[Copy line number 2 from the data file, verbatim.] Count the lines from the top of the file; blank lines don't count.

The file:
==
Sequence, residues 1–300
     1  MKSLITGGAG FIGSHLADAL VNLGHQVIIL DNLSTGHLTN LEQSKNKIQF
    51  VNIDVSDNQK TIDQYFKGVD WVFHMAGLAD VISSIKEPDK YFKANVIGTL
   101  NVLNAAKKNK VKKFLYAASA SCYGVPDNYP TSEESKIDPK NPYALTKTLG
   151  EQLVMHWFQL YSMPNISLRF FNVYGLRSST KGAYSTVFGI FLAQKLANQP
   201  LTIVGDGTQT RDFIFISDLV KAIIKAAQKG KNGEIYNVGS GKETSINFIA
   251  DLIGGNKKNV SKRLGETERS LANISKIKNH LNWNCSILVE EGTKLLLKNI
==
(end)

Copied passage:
     1  MKSLITGGAG FIGSHLADAL VNLGHQVIIL DNLSTGHLTN LEQSKNKIQF